I saw the two make contact, her with the knife raised and him flailing his arms at her. He went to the ground, holding his right hand with his left, obviously cut and bleeding. She then dropped the knife and started punching him in the arms and torso as hard as she could. I snatched the knife up and put it in my belt as I holstered my weapon. As he backed away, she started trying to throw herself in front of oncoming traffic. I then tackled her and handcuffed her without incident or interference from anyone else. Just then, a construction worker ran up and assisted me in getting her back to the patrol car and securing the scene until my help got there. Later, I noticed that I couldn’t get my thumb snap fastened on my holstered weapon and I discovered my Beretta was on half-cock. I had never carried it in that condition before, so I then realized just how close I was to shooting the woman. She later pled guilty to Aggravated Assault.
I had been involved in some tight spots before this, and many since. However, I had only attended training and read about the “Police-Assisted Suicide” phenomenon, and never saw or experienced it myself. It was this training, I believe, coupled with my familiarity with the equipment and procedure that got me through this without using deadly force. I’ve had officers tell me I should have shot her, but I feel confident in my decision not to. I’m proud I was able to get through the situation without any serious injuries to anyone. I have since left that department and have been working with a larger one that had a similar situation with a less fortunate result: two people died, and the officer involved has to live with the fact that his hand was forced.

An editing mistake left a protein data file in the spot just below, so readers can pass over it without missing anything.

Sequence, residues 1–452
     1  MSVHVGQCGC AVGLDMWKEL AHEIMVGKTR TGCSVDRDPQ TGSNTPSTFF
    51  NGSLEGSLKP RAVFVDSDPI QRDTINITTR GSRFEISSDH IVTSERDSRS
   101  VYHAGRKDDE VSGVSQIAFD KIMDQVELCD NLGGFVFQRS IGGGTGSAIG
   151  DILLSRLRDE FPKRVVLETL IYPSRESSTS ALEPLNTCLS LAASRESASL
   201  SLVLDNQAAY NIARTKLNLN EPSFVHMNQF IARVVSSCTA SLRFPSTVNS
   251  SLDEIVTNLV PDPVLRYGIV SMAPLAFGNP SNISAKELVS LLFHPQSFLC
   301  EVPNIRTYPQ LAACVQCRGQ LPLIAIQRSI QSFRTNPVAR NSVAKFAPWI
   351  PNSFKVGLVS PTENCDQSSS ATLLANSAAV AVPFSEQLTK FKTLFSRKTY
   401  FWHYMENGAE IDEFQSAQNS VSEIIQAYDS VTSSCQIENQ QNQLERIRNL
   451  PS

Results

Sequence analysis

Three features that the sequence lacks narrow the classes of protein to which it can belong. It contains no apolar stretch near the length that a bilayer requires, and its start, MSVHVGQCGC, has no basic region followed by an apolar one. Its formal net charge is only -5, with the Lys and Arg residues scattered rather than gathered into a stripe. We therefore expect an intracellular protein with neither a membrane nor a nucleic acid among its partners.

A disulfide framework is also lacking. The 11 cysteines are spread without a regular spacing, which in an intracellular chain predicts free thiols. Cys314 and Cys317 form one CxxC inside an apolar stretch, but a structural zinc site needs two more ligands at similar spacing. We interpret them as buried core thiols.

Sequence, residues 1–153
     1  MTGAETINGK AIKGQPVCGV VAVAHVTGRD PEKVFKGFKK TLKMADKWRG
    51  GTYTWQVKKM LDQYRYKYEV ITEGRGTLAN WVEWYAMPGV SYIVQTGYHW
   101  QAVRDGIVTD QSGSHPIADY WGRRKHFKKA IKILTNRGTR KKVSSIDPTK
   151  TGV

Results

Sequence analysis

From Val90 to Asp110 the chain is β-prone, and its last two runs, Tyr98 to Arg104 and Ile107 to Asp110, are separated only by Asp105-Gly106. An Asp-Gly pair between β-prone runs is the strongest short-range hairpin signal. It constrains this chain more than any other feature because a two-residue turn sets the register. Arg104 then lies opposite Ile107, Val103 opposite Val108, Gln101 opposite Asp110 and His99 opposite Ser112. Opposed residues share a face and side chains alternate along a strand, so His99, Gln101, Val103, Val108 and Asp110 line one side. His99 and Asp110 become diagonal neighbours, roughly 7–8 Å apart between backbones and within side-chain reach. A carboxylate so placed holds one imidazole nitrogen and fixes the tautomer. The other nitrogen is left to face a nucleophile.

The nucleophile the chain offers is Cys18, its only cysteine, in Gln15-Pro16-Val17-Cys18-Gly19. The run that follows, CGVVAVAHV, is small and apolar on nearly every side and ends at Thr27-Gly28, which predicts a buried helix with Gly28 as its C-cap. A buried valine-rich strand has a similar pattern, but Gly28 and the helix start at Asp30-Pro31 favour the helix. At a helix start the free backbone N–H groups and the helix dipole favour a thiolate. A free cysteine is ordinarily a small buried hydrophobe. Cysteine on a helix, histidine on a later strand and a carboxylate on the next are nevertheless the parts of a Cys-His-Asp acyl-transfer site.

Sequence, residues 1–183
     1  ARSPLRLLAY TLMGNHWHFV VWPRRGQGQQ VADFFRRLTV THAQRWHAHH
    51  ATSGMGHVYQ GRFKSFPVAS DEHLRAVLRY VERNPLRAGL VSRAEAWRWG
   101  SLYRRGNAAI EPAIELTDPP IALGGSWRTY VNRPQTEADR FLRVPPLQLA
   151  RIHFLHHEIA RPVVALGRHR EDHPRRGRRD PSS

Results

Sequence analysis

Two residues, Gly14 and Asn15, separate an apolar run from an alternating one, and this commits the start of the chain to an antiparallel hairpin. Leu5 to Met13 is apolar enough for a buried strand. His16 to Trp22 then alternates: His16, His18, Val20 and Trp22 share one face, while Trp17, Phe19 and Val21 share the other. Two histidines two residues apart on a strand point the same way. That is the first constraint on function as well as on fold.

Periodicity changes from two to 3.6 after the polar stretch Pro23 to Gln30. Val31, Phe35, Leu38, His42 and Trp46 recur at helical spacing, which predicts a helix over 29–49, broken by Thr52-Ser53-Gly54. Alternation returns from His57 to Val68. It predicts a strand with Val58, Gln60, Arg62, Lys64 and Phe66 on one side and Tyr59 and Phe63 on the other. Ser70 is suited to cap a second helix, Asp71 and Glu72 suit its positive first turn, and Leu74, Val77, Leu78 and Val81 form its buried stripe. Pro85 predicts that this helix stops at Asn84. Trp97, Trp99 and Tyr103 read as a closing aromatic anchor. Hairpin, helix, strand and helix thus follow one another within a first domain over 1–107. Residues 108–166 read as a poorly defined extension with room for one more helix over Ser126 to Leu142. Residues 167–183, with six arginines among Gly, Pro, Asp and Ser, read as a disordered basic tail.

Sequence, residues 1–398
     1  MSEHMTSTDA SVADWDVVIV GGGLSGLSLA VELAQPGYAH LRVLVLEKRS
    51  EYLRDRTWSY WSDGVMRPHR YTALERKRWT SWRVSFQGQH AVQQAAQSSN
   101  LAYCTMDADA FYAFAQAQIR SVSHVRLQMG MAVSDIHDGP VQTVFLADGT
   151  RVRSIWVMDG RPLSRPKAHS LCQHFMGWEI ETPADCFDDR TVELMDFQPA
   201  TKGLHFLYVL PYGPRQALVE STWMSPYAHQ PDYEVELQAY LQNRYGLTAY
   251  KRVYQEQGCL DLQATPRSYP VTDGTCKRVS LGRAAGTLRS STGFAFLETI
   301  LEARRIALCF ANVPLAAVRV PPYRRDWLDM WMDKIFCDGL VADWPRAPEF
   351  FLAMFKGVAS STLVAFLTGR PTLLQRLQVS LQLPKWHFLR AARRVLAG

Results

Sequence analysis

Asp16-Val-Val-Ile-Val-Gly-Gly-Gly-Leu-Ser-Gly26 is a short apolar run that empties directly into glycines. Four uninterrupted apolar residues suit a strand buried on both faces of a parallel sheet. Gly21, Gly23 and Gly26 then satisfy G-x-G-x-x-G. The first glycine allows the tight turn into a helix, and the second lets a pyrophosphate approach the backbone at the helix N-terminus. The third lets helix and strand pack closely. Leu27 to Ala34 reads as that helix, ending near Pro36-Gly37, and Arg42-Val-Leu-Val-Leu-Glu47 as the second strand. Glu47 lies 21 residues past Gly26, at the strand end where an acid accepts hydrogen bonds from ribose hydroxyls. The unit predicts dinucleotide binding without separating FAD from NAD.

About 1-1/2 years later, an officer in a town nearby was forced to shoot in a very similar situation, even though he and his fellow officers tried everything they could to avoid doing so. It’s quickly becoming a scary world, even in small towns.
I believe that all officers should think about these situations, and use mental imagery to train themselves ahead of time to avoid the kind of anguish and stress that can result. If you’re prepared, whatever the result, you can get through it and live with it, whether you have to shoot or not. I hope all cops out there remember that they are good people and know that most people do appreciate the hell that they sometimes go through to serve the public. I hope this account can help some other officer out there who’s either been in such a situation or may be some day. —HJ, OH